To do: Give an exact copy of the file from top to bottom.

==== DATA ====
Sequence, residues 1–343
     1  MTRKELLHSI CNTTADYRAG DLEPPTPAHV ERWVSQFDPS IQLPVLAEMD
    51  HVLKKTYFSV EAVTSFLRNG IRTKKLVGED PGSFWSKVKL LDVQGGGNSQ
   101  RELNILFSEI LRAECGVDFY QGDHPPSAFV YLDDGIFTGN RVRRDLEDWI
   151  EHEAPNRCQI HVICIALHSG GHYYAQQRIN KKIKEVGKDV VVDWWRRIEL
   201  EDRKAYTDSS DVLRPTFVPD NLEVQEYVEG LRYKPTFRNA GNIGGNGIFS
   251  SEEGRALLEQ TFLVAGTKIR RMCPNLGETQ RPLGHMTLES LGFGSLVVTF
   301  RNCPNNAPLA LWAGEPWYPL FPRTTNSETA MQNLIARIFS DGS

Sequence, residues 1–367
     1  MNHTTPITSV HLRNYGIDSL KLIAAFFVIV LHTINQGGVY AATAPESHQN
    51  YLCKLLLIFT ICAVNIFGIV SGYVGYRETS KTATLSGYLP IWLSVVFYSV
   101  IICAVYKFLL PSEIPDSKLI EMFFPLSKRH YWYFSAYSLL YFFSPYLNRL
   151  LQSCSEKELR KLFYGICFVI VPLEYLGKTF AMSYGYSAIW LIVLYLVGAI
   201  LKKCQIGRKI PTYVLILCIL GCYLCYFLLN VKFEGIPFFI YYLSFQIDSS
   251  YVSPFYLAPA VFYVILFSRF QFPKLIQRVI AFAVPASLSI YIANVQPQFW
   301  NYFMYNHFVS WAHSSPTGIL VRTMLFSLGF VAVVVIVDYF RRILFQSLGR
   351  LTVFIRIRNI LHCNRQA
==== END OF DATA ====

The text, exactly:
Sequence, residues 1–343
     1  MTRKELLHSI CNTTADYRAG DLEPPTPAHV ERWVSQFDPS IQLPVLAEMD
    51  HVLKKTYFSV EAVTSFLRNG IRTKKLVGED PGSFWSKVKL LDVQGGGNSQ
   101  RELNILFSEI LRAECGVDFY QGDHPPSAFV YLDDGIFTGN RVRRDLEDWI
   151  EHEAPNRCQI HVICIALHSG GHYYAQQRIN KKIKEVGKDV VVDWWRRIEL
   201  EDRKAYTDSS DVLRPTFVPD NLEVQEYVEG LRYKPTFRNA GNIGGNGIFS
   251  SEEGRALLEQ TFLVAGTKIR RMCPNLGETQ RPLGHMTLES LGFGSLVVTF
   301  RNCPNNAPLA LWAGEPWYPL FPRTTNSETA MQNLIARIFS DGS

Sequence, residues 1–367
     1  MNHTTPITSV HLRNYGIDSL KLIAAFFVIV LHTINQGGVY AATAPESHQN
    51  YLCKLLLIFT ICAVNIFGIV SGYVGYRETS KTATLSGYLP IWLSVVFYSV
   101  IICAVYKFLL PSEIPDSKLI EMFFPLSKRH YWYFSAYSLL YFFSPYLNRL
   151  LQSCSEKELR KLFYGICFVI VPLEYLGKTF AMSYGYSAIW LIVLYLVGAI
   201  LKKCQIGRKI PTYVLILCIL GCYLCYFLLN VKFEGIPFFI YYLSFQIDSS
   251  YVSPFYLAPA VFYVILFSRF QFPKLIQRVI AFAVPASLSI YIANVQPQFW
   301  NYFMYNHFVS WAHSSPTGIL VRTMLFSLGF VAVVVIVDYF RRILFQSLGR
   351  LTVFIRIRNI LHCNRQA